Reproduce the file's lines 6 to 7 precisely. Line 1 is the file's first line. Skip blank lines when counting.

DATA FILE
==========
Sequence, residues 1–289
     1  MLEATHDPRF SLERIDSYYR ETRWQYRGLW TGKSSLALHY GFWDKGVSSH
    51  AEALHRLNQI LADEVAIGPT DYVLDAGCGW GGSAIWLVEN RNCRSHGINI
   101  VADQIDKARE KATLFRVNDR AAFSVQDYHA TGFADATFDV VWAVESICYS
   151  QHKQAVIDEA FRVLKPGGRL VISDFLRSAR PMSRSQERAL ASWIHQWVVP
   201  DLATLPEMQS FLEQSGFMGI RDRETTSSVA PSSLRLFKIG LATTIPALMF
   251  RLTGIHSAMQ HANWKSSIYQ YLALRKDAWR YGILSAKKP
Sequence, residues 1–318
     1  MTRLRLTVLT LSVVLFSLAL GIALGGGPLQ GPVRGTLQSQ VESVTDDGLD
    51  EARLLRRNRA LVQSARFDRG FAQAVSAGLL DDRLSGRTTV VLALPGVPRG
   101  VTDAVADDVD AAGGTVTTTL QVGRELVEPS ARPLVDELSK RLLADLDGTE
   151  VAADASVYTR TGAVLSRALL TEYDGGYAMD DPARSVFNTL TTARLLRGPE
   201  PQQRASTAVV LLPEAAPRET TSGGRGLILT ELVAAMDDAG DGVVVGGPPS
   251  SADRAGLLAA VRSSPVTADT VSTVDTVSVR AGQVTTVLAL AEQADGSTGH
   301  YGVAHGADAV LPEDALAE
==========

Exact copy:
   201  DLATLPEMQS FLEQSGFMGI RDRETTSSVA PSSLRLFKIG LATTIPALMF
   251  RLTGIHSAMQ HANWKSSIYQ YLALRKDAWR YGILSAKKP